This is my second year purchasing seed for the garden. Last year I was pretty disorganized, buying seed at whim from random sources and never really paying attention to anything but the plant variety. Results were about as haphazard as my selection technique.
This year I’ve made a concerted effort to be more responsible about my seed selections and make better, well educated choices. This included getting to know what to look for on the seed packets a little better. There is a lot of information packed onto those little envelopes carrying your culinary future, but what does it all mean? How is it relevant to us?
Check out the three examples below of typical seed packets, then I’ll break down what each line means and why it’s important to you.
How to read your Seed Packs
Pretty straight forward, right? All seed packs should have the distributor’s name and, likely, their contact information prominently displayed on the seed pack. It’s valuable to know who you are doing business with and how to get in touch with them should there be a problem.
Keep in mind, the distributor on the pack may not be the company that grew, cleaned and saved the seeds. Commercial seeds are collected from large growers who harvest, clean and test their seed for quality before they enter a network of distributors. We recommend looking for small heirloom and non-GMO seed companies that grow and distribute their own seed. Local non-GMO seed growers are even better. With companies like Monsanto, DuPont, and Syngenta owning a huge majority of the seed market, it pays to be cautious about who you get your seed from.
Every seed packet will have the name of the plant for that particular seed. It is common to see both the common name and the botanical name for the plant on the seed pack. The common name is important as it is how most people will recognize the plant and is usually either descriptive based or cultivator based (i.e. Mary Robinson’s German Bicolor Tomato or Yellow Lemon Drop Pepper). A single plant may be known by several common names. The botanical name is the latin scientific name for the plant and, unlike common names, is unique to that specific variety. For example: the Lemon Drop Pepper is also known as Aji Lemon, Aji amarillo, amarillo chili or ají escabeche but the botanical name is always Capsicum baccatum.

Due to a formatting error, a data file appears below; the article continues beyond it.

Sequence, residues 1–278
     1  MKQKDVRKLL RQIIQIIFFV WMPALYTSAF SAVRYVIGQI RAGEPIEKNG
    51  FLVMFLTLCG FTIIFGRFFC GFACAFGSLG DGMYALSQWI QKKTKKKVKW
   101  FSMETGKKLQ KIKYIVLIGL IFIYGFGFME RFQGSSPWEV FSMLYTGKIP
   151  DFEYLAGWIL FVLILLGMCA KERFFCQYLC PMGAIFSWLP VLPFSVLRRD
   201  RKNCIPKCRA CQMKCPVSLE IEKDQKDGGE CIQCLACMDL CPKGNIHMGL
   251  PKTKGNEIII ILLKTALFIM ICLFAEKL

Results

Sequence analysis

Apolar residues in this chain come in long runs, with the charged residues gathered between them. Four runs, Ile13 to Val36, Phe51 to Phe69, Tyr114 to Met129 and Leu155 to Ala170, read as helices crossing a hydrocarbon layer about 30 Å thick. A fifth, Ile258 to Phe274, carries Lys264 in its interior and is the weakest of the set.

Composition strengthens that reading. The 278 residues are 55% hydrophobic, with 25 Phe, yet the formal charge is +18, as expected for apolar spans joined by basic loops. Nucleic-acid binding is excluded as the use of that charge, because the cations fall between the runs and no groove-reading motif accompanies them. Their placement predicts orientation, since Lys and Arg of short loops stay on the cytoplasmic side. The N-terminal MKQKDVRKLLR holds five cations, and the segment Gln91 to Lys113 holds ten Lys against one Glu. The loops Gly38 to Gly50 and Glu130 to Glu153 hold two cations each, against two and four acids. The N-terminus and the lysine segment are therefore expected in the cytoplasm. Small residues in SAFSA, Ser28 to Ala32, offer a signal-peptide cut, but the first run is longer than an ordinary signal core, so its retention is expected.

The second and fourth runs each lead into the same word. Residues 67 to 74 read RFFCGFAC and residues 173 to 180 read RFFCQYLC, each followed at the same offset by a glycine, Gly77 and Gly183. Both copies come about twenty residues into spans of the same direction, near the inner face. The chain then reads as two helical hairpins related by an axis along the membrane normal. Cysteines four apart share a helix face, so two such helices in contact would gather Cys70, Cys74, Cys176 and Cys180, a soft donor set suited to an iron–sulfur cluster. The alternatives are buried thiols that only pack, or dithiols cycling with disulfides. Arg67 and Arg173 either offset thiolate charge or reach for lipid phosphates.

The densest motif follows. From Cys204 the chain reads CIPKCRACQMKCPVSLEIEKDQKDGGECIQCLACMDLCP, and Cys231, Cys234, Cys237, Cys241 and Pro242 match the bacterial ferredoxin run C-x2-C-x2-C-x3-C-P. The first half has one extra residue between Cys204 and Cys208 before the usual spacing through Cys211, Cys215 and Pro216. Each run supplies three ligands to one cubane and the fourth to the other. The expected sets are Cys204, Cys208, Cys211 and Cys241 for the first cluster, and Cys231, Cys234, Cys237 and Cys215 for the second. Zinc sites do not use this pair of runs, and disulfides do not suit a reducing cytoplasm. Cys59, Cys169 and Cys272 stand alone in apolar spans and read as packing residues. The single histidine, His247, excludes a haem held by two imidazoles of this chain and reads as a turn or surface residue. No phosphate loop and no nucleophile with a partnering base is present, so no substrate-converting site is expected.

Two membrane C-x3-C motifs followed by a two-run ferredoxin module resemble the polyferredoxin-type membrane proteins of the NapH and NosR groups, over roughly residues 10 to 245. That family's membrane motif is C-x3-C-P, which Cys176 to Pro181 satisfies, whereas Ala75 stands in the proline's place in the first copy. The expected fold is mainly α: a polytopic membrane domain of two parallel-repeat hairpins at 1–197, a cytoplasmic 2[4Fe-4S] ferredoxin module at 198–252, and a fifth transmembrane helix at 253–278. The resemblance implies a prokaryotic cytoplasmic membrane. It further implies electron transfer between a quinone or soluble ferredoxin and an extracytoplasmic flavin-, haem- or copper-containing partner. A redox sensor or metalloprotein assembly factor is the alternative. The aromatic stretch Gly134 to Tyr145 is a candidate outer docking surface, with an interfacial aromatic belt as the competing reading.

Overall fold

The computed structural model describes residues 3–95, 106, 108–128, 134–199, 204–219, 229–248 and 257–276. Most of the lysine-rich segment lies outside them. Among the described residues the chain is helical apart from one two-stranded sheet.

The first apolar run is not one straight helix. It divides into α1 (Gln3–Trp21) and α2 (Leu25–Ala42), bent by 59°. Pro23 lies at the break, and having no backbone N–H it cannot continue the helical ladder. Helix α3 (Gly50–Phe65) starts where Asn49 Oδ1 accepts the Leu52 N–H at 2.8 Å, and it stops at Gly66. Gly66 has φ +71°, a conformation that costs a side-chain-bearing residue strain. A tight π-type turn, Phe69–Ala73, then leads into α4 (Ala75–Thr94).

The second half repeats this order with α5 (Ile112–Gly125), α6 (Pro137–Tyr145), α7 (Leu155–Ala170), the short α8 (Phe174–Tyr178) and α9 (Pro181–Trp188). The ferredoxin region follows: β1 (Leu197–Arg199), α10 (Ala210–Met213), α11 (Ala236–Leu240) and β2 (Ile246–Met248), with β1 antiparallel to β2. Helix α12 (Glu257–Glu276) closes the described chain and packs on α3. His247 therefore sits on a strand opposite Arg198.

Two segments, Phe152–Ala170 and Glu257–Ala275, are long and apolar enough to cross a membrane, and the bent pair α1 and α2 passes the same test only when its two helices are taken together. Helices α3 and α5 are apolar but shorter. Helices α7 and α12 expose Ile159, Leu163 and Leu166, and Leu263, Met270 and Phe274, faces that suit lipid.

Plant descriptions on seed packs can be short and to the point, or longer and bordering on poetic. Some read like a wine tasting with flavor descriptions like “slightly citrus-y” and “uncomplicated”.
The description should give you some sense of what kind of plant the seed will grow into including growth type and height, fruit color and size, leaf or flower shapes and flavor of the edible portions. It could sometimes include a country of origin or backstory in the case of heirloom varieties.
Things to look for:
- Annual, perennial, or biannual
- Seed type – organic, open pollinated, hybrid, heirloom
- Description of plant – leaves, edges, flavor, color
- Determinate or indeterminate growth habit
Potentially more important than anything else, especially with new varieties, are the planting instructions. This will offer valuable information from the grower explaining what your plant will want to be healthy. It will address things like soil composition, sunlight requirements, seed spacing, planting depth, watering preferences as well as when to start your seed.
The instructions may also offer some kind of guideline of growth rate with days-to-sprout estimates and days-to-harvest.
Things to look for:
- When to sow (early spring, again in the fall)
- How to sow (direct sow or start seeds and transplant)
- Planting depth
- Seed spacing
- Thinning requirements